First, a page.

The Chancellor’s sunlit uplands
The spending review was an attempt to mark a turning point for the coalition. A change in the record. The talk was of sunlit uplands, and “raising our national game”, of investing in the future. Tomorrow’s highly likely erasure of the double dip recession and Danny Alexander’s announcement of £100 billion of capital projects, and a ten year £300 billion programme, is an attempt to turn the tide. Vince Cable must be happy with limiting cuts in his department. More will be announced tomorrow on, for example, the Green Investment Bank, and industrial policy.
The telling things though were, for example, no train fare rises, and no tuition fee rises, which were key changes in 2010. There was £5bn efficiency savings promised, and these often end up being a close proxy for the amount of tax rises that will come after an election that are not admitted to beforehand. People based abroad who claim the winter fuel allowance will not be able to claim it if it is sunnier than the sunniest part of Britain – the world’s first temperature contingent fiscal consolidation.
The benefit cap is truly innovative. It reflects the fact that though the Spending Review has kept Whitehall spending in check, AME, Annually Managed Expenditure, has increased substantially since the coalition came to power, by 30 per cent, from £290bn to £384bn. So you can see why some effort to control this part of the budget, now the majority of the budget, has been put in place. The cap applies to a quarter of this spending: tax credits, incapacity benefits, Employment Support Allowance, but not to Jobseekers’ Allowance and the state pension. It protects the old, and the unemployed. In a time of high unemployment, it allows the “automatic stabilisers” of unemployment benefit to work. But what then? People’s tax credits are squeezed because there is a recession? Should you avoid a disability claim near the end of a fiscal year in case the cap is breached?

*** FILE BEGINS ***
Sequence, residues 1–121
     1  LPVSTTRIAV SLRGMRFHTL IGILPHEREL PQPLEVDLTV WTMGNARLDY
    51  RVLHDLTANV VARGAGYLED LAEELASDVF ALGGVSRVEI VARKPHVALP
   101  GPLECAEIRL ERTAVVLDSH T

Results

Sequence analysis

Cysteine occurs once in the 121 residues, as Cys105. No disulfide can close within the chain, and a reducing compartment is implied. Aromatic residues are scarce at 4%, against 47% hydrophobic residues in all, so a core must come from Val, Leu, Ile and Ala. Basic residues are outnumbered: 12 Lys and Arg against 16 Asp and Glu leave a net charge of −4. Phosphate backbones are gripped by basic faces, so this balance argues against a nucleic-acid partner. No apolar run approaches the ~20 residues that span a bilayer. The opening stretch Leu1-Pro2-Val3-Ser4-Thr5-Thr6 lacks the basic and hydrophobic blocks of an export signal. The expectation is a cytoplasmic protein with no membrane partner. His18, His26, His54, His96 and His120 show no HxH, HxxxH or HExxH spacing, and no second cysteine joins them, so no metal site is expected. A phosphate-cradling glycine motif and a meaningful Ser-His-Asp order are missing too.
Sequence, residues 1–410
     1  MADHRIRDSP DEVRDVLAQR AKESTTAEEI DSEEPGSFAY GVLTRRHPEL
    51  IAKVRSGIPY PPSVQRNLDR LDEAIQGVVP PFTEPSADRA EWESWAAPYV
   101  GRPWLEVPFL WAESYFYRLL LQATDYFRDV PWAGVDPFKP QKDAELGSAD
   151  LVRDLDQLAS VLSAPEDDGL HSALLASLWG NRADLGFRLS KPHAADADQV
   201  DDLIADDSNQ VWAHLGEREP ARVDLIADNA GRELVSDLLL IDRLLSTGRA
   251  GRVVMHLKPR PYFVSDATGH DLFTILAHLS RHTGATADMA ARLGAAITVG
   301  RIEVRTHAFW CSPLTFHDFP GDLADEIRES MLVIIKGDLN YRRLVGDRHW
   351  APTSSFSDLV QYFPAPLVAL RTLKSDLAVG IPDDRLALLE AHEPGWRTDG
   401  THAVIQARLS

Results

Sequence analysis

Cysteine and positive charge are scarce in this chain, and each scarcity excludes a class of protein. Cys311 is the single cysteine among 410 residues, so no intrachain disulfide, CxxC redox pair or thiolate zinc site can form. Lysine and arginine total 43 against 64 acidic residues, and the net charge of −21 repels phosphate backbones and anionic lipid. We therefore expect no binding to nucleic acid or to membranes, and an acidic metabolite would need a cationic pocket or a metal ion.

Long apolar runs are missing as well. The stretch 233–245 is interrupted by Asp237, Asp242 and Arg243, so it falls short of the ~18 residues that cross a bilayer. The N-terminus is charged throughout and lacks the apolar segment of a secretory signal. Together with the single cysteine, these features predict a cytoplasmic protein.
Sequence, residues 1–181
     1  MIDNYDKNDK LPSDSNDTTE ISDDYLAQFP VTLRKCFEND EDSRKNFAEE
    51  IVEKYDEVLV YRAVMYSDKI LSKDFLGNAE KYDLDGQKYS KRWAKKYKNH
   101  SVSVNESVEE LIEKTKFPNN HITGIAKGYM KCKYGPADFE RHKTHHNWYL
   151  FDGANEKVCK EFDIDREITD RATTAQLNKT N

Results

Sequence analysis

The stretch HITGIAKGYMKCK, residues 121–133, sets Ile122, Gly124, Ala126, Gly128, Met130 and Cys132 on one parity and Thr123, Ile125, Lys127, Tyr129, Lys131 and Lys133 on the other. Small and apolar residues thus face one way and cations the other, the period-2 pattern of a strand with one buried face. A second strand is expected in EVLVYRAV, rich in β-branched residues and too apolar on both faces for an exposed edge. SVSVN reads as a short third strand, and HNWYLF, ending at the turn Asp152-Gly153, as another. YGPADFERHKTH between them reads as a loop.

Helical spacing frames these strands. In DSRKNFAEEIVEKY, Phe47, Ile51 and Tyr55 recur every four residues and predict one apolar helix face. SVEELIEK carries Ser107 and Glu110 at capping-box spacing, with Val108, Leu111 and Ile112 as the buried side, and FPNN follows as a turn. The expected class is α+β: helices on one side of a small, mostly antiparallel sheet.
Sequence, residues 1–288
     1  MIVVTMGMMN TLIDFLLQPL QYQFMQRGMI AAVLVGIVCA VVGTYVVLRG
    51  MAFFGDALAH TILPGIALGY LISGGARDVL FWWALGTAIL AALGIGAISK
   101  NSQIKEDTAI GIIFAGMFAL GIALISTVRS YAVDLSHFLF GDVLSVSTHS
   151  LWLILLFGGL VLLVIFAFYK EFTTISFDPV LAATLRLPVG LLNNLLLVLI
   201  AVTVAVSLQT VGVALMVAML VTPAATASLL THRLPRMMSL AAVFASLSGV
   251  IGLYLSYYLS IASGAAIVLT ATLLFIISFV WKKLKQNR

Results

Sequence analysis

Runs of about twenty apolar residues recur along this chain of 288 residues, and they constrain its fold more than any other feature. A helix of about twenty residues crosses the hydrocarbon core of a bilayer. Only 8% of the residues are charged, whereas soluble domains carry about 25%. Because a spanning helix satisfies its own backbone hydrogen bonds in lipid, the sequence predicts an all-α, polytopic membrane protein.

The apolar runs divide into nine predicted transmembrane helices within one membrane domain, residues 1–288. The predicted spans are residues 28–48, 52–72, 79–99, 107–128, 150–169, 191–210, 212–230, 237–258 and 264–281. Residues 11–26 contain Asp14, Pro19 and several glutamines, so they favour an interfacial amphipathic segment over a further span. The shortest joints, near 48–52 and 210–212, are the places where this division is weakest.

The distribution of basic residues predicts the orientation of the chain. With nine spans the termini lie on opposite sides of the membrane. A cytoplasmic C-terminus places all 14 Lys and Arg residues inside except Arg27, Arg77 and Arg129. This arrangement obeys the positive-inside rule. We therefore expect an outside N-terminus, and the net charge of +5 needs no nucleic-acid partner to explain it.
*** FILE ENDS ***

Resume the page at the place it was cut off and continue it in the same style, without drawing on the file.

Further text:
Again we have a political value judgement that pensions should be protected come what may, wheras support for families with tax credits for example will be squeezed, and violently if necessary. Politically sensible with an ageing electorate, but where does it end?
The enforcement mechanism is a letter from the Office for Budget Responsibility’s Robert Chote. It is unclear how this plays out in practice. Still, overall, does it make sense to manage the AME budget in some way? Clearly it does.
On capital, the Treasury uses a measure of public investment that flatters its investment and happens to be going up (admittedly it is not egregious chicanery, which I had suspected earlier on). A different measure, net investment is going down, and has been halved. If rhetorically they are willing to wax lyrical about investment spending, why don’t they actually increase the amount from where we were in March? (Actually it is a tiny amount, £10m, lower because of museum reforms). Or rather, if public investment is the future, why did they make it their priority form of cutting over the past three years? (A: plans inherited from Labour).
The bigger point is this: Osborne has some sunny months ahead of him. Double dip over. A better Q2 GDP number. And the prospect for the first time I think, ever, of an Autumn Statement where the OBR upgrades growth, and downgrades borrowing. That is why he’s talking incessantly about Britain on the rise. Will it hold for two years though?
* Headline total managed expenditure will in 2015/16 be £745 billion versus £669bn in Labour’s last year. Not generalised “brutal austerity” in cash terms. There are focussed areas of fiscal violence though, such as the Communities budget, traditionally thought of as the housing budget, took a further massive cut to £4.3bn. I was £13.3bn under Labour. In an era of infrastructure led growth and a highly dysfunctional housing market, is it really the priority?
– also watch out for epic new pain in local councils.
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